Students Turn a Critical Eye on our Past

Online voting underway to select national history forum participants for 2017.

Written by Nancy Payne

Posted June 15, 2017
alt text
Young Citizens at the 2016 Youth Forum in Ottawa.

Women’s ability to vote. Indian residential schools. LGBTQ+ rights. The treatment of prisoners and people with mental illnesses. Missing and murdered Indigenous women. Students don’t shy away from the tough issues of our past or their modern implications in remarkable videos created as part of the Young Citizens program.

Participants chose a wide range of subject matter for their videos, which include profiles of famous and no-so-famous Canadians, personal family stories and far-reaching national ones, all made vivid and relevant by these young historians.

Students from Grade 4 to Grade 11 who had outstanding Heritage Fair projects used video cameras to highlight an aspect of Canada’s past that interested them, including the arts, sports, politics, war, science, immigration, famous people, community heritage and more, in their choice of French or English. Visitors to can vote for their favourites from among the resulting 200 videos representing all provinces and territories.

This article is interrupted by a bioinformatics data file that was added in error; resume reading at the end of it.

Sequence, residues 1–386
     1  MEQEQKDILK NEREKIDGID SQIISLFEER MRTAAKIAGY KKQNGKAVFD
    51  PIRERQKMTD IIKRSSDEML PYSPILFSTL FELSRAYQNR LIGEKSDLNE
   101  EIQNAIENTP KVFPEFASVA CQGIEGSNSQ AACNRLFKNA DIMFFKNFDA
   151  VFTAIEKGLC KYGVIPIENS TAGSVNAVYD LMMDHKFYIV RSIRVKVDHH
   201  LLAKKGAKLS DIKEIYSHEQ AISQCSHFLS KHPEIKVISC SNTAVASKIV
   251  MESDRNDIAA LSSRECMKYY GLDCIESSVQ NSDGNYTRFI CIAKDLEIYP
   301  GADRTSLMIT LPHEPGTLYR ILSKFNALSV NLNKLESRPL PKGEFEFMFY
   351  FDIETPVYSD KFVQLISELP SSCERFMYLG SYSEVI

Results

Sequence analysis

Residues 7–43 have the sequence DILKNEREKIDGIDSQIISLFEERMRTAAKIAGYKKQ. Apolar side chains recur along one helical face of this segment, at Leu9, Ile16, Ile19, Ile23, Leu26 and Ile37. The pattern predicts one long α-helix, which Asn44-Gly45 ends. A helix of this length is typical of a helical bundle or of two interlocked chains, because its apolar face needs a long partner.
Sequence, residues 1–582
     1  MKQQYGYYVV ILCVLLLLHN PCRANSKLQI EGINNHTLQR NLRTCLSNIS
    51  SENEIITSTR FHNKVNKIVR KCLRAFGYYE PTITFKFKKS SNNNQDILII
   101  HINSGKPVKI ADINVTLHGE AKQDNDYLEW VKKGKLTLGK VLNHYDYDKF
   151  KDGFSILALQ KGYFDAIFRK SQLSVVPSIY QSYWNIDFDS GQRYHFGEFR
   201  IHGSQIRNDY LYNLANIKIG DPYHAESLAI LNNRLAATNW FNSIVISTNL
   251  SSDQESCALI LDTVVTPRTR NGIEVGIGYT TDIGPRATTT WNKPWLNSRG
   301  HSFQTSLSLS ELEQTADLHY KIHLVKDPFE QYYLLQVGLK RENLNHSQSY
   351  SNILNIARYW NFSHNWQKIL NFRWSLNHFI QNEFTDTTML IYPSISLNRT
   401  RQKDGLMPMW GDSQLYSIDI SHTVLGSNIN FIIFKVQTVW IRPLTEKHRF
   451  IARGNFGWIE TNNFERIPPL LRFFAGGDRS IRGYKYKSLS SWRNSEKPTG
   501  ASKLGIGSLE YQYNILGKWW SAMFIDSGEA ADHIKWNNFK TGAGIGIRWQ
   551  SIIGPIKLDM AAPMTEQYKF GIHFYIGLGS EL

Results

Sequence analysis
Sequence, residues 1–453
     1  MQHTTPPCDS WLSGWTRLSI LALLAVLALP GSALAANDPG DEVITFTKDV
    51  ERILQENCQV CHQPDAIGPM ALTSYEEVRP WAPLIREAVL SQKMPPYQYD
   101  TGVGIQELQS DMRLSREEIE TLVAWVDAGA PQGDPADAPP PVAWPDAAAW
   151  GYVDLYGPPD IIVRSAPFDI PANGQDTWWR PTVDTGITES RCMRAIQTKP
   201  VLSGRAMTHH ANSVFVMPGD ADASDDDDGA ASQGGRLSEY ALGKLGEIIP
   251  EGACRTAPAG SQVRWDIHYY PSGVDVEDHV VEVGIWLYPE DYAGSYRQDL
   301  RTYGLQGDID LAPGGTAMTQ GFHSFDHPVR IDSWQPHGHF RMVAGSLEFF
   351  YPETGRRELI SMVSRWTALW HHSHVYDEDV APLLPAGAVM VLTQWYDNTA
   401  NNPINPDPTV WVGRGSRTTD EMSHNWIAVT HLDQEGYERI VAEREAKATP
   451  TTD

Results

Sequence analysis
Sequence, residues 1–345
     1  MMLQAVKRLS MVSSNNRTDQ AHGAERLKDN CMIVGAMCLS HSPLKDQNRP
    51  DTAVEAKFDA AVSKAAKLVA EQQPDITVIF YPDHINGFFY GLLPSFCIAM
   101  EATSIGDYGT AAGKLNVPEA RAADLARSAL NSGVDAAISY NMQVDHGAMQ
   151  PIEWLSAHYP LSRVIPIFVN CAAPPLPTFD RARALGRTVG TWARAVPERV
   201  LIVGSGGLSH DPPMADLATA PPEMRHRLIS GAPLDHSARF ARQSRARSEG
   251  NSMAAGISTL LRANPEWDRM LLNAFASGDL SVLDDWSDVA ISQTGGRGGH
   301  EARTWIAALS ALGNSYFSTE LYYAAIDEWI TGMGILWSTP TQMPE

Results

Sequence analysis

“This is a very socially conscious group of students. Even if their project doesn’t deal explicitly with injustice, you can see how captivated they are by the past and how it relates to them,” said Janet Walker, president and CEO of Canada’s History Society. “And of course their technical skills are excellent, so the videos are also a lot of fun to watch.”

Canadians can vote for their favourite videos at Voting begins June 12 and runs until July 7. One recipient from each province and territory will be chosen by popular vote, while a panel of judges will chose another. The 26 honourees will receive a trip to Ottawa in the fall, where they will participate in a national youth forum. There they will have an invaluable opportunity to meet and spend time with other Young Citizens, exploring Ottawa’s historic nooks and crannies with dedicated guides and learning about our country from each other.

“The Young Citizens program encourages young people to explore Canada’s history in a deep, personal way,” said Debbie Down, Manager, Community Relations for Great-West Life, London Life and Canada Life. “As we celebrate Canada’s 150th anniversary, it’s heartening to know that in telling the stories of our past, students are showing the way to an inclusive future.”

This year’s Young Citizens projects available now for viewing online include:

  • Mi’kmaq dance traditions (Myranda, Hebbs Cross, N.S.)
  • The true inventors of the lightbulb (Marc, Richmond, B.C.)
  • Canadian spies and spying (Kylen, Calgary, Alta.)
  • Immigration to the Northwest Territories (Madison, Yellowknife, N.W.T.)
  • Little-known Ukrainian-Canadian war artist Leo Mol (Kameron, Winnipeg, Man.)

Related to Teaching